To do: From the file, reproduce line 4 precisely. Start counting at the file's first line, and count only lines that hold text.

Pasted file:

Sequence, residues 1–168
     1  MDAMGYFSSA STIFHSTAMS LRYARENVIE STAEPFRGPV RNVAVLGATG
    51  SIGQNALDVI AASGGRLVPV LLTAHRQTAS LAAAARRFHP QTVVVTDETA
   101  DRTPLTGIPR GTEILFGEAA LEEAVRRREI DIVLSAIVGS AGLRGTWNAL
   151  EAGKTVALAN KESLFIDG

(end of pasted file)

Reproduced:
   101  DRTPLTGIPR GTEILFGEAA LEEAVRRREI DIVLSAIVGS AGLRGTWNAL